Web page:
Kurt Vonnegut wrote the kind of books that students in the 1960s bought to stoke their outrage and disdain. Outrage over the war in Vietnam, disdain for their conformist, establishment parents.
The books were funny, too, combining wit, futuristic fantasy and satire.
Vonnegut wrote his masterpiece, Slaughterhouse Five, about his experience as a prisoner of war during the firebombing of Dresden. Twenty-five thousand civilians died in three days of bombing the beautiful old German city. Vonnegut and the other POWs dug through the ruins to recover corpses.
Young people loved his work, which included 14 novels, short stories, plays and nonfiction.. But they bought Kurt Vonnegut in paperback, which didn’t generate the kind of royalties hardbacks did. He had to pick up work to support his family while they lived in a shingled Cape on Scudder Lane in West Barnstable.
He was born Nov. 11, 1922 in Indiana, the son of a successful architect and a German heiress. The Great Depression ruined his parents and embittered his mother. He attended Cornell, but dropped out after Pearl Harbor and enlisted in the Army. His mother killed herself with booze and sleeping pills the night before he came home on leave, He was just about to ship overseas.
The Germans captured him at the Battle of the Bulge and sent him to live in a slaughterhouse in Dresden, where he worked in a malt syrup factory. During the firebombing, he survived in a meat locker three stories underground.
After the war he returned to the United States and married Jane Marie Cox, who he met in kindergarten. He studied anthropology at the University of Chicago and worked as a crime reporter for the City News Bureau. When Jane got pregnant, he left school without a degree. The faculty had unanimously rejected his thesis anyway.
Vonnegut then got a job doing public relations for General Electric in Schenectady, N.Y. He also wrote short stories on the side. Magazines like Collier’s and The Saturday Evening Post paid big money for short stories in the 1950s, and Vonnegut sold two while working for GE. He decided to quit and write full-time, so in 1951 he moved his young family to West Barnstable, Mass., on Cape Cod.
1. He misread the market.
Vonnegut didn’t realize the short story market was drying up. People began entertaining themselves with stories on television rather than in magazines, and Vonnegut found it harder to sell his work. He worked as an English teacher and then an ad copywriter. But his sister died of breast cancer two days after a train wreck killed her husband. Kurt and Jane took in their four children. With three of their own, that made money even tighter.
2. He ran a Saab dealership on 6A.
Vonnegut decided to try his hand at a Saab dealership in 1957. He moved the business into a one-story stone building on Route 6A with a mechanic, but business was so slow he had time to write. The problem, he later wrote, was the car required a quart of oil with every fill-up of gasoline. His daughter Edie didn’t find it at all incongruous that a modern fiction writer wanted to sell European cars. “”It felt more about art and cutting edge design than about cars,” she said. As for Vonnegut himself, he said, “I believe my failure as a dealer so long ago explains what would otherwise remain a deep mystery: why the Swedes have never given me a Nobel Prize for literature.”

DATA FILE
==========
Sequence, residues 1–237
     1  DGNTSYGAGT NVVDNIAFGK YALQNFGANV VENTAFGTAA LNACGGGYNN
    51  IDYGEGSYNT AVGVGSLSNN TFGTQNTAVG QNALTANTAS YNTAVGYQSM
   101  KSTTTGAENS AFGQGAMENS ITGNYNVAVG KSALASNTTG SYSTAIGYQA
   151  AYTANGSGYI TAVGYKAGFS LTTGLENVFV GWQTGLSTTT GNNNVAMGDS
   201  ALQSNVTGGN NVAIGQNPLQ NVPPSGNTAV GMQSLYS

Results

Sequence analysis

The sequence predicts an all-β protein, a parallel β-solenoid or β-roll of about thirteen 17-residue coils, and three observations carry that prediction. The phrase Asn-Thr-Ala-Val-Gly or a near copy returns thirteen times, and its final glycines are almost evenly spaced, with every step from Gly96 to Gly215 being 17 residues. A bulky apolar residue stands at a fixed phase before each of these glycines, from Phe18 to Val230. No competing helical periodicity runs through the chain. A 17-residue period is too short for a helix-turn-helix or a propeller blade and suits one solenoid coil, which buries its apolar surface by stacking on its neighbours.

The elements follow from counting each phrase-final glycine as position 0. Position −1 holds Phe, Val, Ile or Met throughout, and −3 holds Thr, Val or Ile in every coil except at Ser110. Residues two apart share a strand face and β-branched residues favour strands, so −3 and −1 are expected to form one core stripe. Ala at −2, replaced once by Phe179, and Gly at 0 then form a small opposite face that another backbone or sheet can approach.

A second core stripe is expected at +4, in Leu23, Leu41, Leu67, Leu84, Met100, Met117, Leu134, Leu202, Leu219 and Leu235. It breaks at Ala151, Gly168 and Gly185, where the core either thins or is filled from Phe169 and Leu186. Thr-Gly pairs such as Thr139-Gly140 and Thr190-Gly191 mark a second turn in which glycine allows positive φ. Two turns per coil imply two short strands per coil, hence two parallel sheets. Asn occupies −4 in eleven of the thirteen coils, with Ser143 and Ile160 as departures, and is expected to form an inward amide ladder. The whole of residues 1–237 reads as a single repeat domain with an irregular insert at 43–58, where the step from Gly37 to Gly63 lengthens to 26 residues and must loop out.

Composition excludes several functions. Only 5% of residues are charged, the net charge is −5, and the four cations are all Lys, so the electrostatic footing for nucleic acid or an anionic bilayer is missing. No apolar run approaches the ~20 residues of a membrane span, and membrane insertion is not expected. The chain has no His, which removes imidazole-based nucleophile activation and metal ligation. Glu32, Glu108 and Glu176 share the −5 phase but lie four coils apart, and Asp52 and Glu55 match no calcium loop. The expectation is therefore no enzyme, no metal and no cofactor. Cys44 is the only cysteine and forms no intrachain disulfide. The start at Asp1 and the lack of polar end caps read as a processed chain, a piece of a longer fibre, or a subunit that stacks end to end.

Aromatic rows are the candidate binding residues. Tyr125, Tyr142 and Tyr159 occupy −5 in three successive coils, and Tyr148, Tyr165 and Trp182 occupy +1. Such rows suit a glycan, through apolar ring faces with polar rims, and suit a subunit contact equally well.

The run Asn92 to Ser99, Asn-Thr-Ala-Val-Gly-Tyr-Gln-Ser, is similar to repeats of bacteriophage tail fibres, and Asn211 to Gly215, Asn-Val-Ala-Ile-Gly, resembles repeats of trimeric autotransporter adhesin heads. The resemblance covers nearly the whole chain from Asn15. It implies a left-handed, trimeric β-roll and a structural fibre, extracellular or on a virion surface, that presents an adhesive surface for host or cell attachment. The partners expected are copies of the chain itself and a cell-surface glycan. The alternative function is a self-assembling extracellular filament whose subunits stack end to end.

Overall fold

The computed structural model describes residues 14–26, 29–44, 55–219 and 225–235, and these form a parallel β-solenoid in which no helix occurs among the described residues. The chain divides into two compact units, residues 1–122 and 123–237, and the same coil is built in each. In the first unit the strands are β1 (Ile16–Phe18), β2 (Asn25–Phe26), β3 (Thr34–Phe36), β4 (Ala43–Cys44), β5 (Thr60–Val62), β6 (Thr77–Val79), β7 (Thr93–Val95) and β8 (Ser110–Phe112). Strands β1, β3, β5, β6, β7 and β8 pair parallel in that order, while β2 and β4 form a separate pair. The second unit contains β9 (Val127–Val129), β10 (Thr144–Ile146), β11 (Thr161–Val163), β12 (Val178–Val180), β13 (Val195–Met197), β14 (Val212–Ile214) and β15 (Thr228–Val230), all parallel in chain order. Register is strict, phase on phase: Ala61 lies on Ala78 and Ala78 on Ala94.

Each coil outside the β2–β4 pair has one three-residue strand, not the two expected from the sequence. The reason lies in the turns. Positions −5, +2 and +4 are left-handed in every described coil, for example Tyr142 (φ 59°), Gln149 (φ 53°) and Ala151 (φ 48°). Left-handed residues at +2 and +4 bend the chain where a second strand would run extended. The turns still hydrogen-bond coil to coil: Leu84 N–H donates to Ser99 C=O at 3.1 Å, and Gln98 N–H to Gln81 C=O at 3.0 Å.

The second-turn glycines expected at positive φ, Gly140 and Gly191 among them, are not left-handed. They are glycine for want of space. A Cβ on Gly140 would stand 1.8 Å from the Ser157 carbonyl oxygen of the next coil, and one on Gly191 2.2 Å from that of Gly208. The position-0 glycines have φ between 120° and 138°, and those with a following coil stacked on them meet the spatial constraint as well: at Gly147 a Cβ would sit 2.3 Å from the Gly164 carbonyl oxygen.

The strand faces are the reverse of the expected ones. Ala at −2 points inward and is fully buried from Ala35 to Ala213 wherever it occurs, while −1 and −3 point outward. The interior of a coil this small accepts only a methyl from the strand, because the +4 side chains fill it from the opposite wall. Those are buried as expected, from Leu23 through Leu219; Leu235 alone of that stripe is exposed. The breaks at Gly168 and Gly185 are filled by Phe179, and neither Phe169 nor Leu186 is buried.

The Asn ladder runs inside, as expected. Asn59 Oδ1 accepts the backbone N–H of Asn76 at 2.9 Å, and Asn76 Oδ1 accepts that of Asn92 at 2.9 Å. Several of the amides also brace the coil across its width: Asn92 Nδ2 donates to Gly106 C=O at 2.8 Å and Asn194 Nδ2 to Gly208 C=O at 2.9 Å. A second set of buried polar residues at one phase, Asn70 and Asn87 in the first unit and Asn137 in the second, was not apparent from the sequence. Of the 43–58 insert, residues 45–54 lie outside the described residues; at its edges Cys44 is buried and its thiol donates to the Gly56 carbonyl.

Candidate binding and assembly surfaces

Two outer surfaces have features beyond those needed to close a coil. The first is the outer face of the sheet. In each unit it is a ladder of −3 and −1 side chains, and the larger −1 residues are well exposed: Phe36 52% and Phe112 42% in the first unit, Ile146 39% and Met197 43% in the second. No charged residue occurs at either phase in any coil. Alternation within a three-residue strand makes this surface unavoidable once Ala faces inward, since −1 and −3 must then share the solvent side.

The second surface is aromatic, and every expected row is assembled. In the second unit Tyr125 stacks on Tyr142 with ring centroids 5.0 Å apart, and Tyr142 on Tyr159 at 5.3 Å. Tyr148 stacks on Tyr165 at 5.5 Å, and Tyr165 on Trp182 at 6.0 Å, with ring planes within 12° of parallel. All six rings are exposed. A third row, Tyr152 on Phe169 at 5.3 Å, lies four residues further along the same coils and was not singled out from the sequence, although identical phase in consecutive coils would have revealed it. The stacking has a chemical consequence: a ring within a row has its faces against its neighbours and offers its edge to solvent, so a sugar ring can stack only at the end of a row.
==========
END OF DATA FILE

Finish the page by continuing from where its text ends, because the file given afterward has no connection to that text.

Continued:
3. Wrote pretty well on occasion.
He volunteered to work for John F. Kennedy’s campaign for president. On Aug. 4, 1960, he typed a letter to “Senator John F. Kennedy, Hyannisport, Mass.” “I would like to volunteer my services on behalf of your campaign,” he wrote. He described himself as a freelance writer. “I am thirty-eight, have been a freelance for ten years. I’ve published two novels, and am a regular contributor of fiction to The Saturday Evening Post, Ladies’ Home Journal, McCall’s, and so on. On occasion, I write pretty well.”
4. Reluctant library board member.
He served on the board of the Sturgis Library, one of the oldest in the country. He didn’t do it happily. Vonnegut called the Sturgis a ‘clapboard tomb’ and complained his books would never have reached its shelves if he didn’t live four blocks away.
5. Vonnegut in leopard skin.
He loved the Barnstable Comedy Club, though, and served as its president. He once performed in a leopard skin. Vonnegut gave the club permission to perform any of his plays for free — in perpetuity. The Comedy Club inspired one of his best short stories, “My Name Is Everyone.” Renamed “Who Am I This Time?” it was made into a television movie in 1982, starring Christopher Walken and Susan Sarandon.
6. Crane’s Duplicating Service
Kurt Vonnegut wrote a short story in 1966 about Barnstable for “The Friends of Crane Duplicating Service.” He called it, “So You’ve Never Been to Barnstable?” In it, he poked fun at the “anachronistic, mildly xenophobic, charming queernesses of Barnstable Village.” A Sherman tank, for example, stood in the middle of a miniature golf course, a memorial to the veterans of World War II. Vonnegut wrote that the village would never accept the tank because, “it has a policy of never accepting anything if it can help it.”
He left Cape Cod for New York in 1971 when his marriage broke up. The children had all left home, and Jane became a devout Christian, which clashed with his atheism. After marrying again, he died in 2007, though his twitter feed lives on.
Image of Kurt Vonnegut and family: By Unknown; copyright held by Edie Vonnegut. – http://historicindianapolis.com/hi-mailbag-kurt-vonnegut-and-the-red-key-tavern/, CC BY 4.0, https://commons.wikimedia.org/w/index.php?curid=41335823. This story was updated in 2023.